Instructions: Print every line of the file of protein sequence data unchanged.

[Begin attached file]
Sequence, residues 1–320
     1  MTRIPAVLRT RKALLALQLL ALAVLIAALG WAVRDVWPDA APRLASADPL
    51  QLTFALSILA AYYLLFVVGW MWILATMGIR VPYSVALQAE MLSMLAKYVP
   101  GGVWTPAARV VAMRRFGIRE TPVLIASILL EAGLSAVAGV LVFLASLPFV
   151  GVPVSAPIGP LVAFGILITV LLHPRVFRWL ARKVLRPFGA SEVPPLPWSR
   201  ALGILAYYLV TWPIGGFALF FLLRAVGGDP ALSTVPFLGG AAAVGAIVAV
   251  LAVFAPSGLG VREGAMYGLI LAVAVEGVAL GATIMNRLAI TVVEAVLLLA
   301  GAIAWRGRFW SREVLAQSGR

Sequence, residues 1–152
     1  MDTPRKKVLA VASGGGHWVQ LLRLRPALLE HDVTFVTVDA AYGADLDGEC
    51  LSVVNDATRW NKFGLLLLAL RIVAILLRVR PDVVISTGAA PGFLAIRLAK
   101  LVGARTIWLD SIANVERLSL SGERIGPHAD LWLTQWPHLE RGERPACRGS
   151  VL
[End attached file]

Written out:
Sequence, residues 1–320
     1  MTRIPAVLRT RKALLALQLL ALAVLIAALG WAVRDVWPDA APRLASADPL
    51  QLTFALSILA AYYLLFVVGW MWILATMGIR VPYSVALQAE MLSMLAKYVP
   101  GGVWTPAARV VAMRRFGIRE TPVLIASILL EAGLSAVAGV LVFLASLPFV
   151  GVPVSAPIGP LVAFGILITV LLHPRVFRWL ARKVLRPFGA SEVPPLPWSR
   201  ALGILAYYLV TWPIGGFALF FLLRAVGGDP ALSTVPFLGG AAAVGAIVAV
   251  LAVFAPSGLG VREGAMYGLI LAVAVEGVAL GATIMNRLAI TVVEAVLLLA
   301  GAIAWRGRFW SREVLAQSGR

Sequence, residues 1–152
     1  MDTPRKKVLA VASGGGHWVQ LLRLRPALLE HDVTFVTVDA AYGADLDGEC
    51  LSVVNDATRW NKFGLLLLAL RIVAILLRVR PDVVISTGAA PGFLAIRLAK
   101  LVGARTIWLD SIANVERLSL SGERIGPHAD LWLTQWPHLE RGERPACRGS
   151  VL